1. British educational and foreign language policy
  2. Changes in American higher education
  3. Co-education
  4. Co-op Education in US Colleges
  5. E-learning, Distance Education, Not Equivalent to Full Time Study
  6. Education and science

Over 57 million students are enrolled in American schools, which range from kindergartens to high schools, small colleges, large universities, as well as a variety of institutions for adult education and vocational training. Americans place a high value on education for themselves and their children, and universal access to quality education has been one of the nation's historic goals.

More than 100 years before the signing of the Declaration of Independence, European settlers in Massachusetts passed laws requiring all communities to hire schoolmasters; larger towns had to establish grammar schools to train children for the university. America's first college, Harvard, was founded in Massachusetts in 1636, and the second, William and Mary, was established in Virginia in 1693.

Higher education was revolutionized in 1862 by the Morrill Act, which granted federal lands to each state for the creation of agricultural and mechanical colleges. These "land-grant" institutions legitimized vocational and technical education.

By the end of the Civil War in 1865, education was becoming available to all, and educational institutions began to shape a distinctive American culture. In the late 19th and early 20th century, the schools were instrumental in "Americanizing" the massive numbers of immigrants who arrived in the United States. Indeed, the 20th century America is the product of a nationalism defined in large part by its schools.

Perhaps the most noteworthy feature about American education is the absence of a national administration or structure. Each of the 50 states controls and directs its own schools. Most states require that children attend school from the time they reach six or seven years old until they are 16 or 17. Educational requirements are set by the state legislatures, and public schools are managed by local communities, divided into about 15,500 state school districts.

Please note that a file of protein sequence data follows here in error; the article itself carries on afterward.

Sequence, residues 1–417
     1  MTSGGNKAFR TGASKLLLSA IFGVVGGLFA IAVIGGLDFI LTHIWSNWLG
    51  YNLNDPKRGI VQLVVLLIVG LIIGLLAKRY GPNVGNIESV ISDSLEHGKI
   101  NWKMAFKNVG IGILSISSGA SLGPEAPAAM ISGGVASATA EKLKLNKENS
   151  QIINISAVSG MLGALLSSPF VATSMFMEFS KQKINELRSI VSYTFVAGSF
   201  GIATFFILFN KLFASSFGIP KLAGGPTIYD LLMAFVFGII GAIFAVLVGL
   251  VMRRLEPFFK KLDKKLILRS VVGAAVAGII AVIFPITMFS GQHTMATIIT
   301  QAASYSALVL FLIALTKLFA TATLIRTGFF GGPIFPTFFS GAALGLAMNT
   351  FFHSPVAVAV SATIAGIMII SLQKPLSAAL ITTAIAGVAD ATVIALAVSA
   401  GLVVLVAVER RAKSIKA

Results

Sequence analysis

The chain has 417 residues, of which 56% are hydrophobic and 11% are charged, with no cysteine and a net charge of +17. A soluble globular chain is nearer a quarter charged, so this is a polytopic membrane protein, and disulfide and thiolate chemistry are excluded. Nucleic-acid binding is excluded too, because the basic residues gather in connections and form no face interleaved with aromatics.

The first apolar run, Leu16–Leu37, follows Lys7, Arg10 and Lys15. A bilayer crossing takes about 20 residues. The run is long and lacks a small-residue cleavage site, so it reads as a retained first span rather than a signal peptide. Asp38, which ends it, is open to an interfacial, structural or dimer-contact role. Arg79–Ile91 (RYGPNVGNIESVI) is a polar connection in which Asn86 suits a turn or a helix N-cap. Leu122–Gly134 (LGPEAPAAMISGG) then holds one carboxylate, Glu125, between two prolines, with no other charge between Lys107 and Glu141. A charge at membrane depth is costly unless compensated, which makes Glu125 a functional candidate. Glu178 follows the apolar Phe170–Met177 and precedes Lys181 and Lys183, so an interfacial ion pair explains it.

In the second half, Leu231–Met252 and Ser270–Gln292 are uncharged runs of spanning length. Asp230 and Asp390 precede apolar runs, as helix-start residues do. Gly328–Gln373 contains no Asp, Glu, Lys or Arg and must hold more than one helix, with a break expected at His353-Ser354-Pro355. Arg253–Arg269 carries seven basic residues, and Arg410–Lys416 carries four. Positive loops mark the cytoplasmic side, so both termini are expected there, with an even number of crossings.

About 85 percent of American students attend public schools which are supported by state and local taxes. The other 15 percent attend private schools, for which their families choose to pay special attendance fees. Four out of five American private schools are run by churches, synagogues or other religious groups.

In addition, schools have for many years received federal aid for special purposes, such as vocational training and school lunches. In 1965 Congress approved a major program of federal support for public schools, and federal aid was extended to private schools for the first time.

After graduating from secondary school, a growing number of Americans go on to higher education. The percentage of high school graduates enrolling in public colleges, for instance, has increased from 40.4 percent in 1960 to 54.3 percent in 1984. American institutions of higher education include technical training schools, which offer programs in fields ranging from hairstyling to computer programming; community colleges, which provide two years of semiprofessional training for some students and the first two years of college for others; colleges, offering four-year bachelor degree programs; and universities, which contain one or more colleges and graduate schools offering master's or doctoral degree programs. The factors determining an institution's prestige are the quality of the teaching faculty; quality of research facilities; amount of funding available; and the competence and number of applicants for admission.


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Pre- reading Task | Comprehension Check | Bronze and Brass | Task 1. | Exercise 5. More about word-building: Adverbs. | Simple to give to be given | Pre- reading Task | Comprehension Check | Basic Metallurgy of Cast Iron | Exercise 4. More about word-building: Prefixes. |

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